• InfluxDB is a time-series database written in Go.

and yes, the new project will most probably have its core in Go. But the SNMP discovery engine will most probably remain in Perl because of a big list of supported vendors.

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Using Voxbeam for outbound calls with FreeSWITCH

Voxbeam is providing worldwide PSTN connectivity at competitive rates, and it allows you to use any Caller ID, which is very convenient for call forwarding. The Voxbeam gateway authenticates the clients by their IP addresses only, so you need a static IP address, and no username or password are required. The FreeSWITCH configuration shown below allows you to control which destinations should be routed to Voxbeam. With a bit of further extension, you can also control which destinations would use different tariff plans at Voxbeam. This configuration covers only their Standard pricing plan. Here INTERNALDOMAIN is a name of the SIP realm that is used for registered users. We assume that the variable “outbound_caller_id_number” is set elsewhere above in the dialplan.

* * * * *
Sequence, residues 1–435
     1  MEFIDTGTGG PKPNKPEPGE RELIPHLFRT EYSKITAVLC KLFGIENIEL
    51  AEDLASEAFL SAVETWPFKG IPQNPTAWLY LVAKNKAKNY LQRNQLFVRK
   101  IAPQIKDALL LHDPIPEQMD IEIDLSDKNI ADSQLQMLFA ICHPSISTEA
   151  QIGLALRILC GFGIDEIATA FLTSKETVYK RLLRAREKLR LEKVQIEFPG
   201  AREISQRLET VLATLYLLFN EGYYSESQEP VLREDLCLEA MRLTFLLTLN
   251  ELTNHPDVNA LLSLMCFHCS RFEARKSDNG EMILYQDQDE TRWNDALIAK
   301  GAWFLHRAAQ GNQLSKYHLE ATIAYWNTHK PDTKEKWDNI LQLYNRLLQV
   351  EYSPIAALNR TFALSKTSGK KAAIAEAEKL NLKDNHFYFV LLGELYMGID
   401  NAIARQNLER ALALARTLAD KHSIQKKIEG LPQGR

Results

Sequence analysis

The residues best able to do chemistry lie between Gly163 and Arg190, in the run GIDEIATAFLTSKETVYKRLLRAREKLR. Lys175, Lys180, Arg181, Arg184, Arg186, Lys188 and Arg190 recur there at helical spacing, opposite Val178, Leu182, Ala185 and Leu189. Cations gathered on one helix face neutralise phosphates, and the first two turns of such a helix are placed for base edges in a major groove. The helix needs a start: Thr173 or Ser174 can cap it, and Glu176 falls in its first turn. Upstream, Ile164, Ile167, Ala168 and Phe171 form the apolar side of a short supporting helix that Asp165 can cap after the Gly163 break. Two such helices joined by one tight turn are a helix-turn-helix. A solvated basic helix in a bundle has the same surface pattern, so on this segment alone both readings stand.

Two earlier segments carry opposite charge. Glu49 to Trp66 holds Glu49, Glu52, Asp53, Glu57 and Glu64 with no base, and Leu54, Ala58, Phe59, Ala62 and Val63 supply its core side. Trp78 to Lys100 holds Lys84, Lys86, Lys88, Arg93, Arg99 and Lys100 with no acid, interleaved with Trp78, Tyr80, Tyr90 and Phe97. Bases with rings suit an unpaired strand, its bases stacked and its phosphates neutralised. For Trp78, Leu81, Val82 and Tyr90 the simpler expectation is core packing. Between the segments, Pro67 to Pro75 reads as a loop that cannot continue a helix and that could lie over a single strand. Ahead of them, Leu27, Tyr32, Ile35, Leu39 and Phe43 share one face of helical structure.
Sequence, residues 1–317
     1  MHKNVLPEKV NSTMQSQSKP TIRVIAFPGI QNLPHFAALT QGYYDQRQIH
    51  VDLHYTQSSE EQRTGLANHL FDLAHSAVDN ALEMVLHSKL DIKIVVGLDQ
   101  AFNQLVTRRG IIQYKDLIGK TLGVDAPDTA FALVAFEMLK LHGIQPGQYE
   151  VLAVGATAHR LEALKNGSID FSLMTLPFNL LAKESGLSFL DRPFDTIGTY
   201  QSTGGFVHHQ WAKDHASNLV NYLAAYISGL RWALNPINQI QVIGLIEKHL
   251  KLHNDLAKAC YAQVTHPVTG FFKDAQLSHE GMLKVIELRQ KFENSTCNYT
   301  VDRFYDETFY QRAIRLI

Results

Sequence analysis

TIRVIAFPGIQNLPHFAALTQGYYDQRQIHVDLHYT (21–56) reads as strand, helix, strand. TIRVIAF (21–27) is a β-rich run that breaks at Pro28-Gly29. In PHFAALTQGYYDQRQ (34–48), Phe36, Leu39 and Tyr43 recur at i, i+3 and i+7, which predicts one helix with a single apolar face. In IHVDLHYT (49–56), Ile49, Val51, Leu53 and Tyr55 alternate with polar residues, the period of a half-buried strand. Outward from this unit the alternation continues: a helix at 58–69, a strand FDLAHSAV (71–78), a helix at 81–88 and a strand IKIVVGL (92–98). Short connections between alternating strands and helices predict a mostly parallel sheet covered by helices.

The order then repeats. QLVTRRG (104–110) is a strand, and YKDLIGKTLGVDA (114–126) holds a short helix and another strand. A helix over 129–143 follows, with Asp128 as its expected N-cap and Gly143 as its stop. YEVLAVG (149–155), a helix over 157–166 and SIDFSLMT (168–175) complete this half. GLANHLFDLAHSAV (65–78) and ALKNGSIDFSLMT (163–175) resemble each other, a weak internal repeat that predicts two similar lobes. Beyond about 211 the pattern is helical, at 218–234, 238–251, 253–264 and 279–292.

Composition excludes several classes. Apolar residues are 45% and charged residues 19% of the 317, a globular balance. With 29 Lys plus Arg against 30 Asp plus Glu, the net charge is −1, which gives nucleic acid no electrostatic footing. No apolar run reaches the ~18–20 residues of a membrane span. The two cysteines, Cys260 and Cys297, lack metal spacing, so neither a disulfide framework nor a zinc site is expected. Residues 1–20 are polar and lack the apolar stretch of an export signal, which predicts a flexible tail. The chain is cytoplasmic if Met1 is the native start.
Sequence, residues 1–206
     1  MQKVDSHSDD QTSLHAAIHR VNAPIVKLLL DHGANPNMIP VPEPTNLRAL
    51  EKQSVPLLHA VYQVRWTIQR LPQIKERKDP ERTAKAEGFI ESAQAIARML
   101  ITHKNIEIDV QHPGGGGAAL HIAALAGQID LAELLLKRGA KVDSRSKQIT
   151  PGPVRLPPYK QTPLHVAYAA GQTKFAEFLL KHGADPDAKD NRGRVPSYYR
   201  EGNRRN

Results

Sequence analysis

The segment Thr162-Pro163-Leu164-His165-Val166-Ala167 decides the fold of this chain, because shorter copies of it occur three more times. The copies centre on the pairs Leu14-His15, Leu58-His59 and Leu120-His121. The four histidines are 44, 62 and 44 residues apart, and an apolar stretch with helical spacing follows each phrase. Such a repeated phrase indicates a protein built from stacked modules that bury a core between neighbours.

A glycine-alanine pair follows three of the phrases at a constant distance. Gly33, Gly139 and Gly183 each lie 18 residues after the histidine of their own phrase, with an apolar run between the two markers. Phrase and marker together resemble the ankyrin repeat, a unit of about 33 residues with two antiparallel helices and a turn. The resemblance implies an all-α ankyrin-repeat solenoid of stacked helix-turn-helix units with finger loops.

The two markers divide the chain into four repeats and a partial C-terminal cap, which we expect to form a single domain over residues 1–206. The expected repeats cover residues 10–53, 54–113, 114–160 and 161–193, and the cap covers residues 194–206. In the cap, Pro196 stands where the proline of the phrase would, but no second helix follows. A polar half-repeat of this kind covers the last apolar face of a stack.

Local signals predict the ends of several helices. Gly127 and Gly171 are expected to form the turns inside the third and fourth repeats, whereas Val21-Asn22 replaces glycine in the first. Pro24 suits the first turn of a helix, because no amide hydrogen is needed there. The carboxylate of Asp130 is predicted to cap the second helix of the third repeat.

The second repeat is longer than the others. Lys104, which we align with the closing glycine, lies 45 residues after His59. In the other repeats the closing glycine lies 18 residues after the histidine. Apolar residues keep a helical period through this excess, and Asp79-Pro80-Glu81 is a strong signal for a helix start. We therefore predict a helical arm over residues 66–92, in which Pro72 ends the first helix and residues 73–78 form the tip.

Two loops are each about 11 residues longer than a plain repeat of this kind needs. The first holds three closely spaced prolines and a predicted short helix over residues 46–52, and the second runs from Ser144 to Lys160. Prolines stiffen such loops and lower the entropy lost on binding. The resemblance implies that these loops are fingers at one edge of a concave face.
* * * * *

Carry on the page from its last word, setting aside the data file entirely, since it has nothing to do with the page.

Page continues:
--- File: ip_profiles/external/voxbeam.xml ---
<include>
  <gateway name="voxbeam_outbound">
    <param name="realm" value="sbc.voxbeam.com" />
    <param name="register" value="false" />
    <!-- important, so that your caller ID is transmitted properly -->
    <param name="caller-id-in-from" value="true"/> 
  </gateway>
</include> 

--- File: dialplan/INTERNALDOMAIN/05_pstn_outbound.xml ---
<include>
  <!-- Express destination and caller numbers in E.164 notation without leading plus sign.
       Note that we treat numbers with one leading zero as local Swiss numbers -->
  <extension name="pstn_normalize" continue="true">
    <condition field="destination_number" expression="^00([1-9]\d+)$" break="never">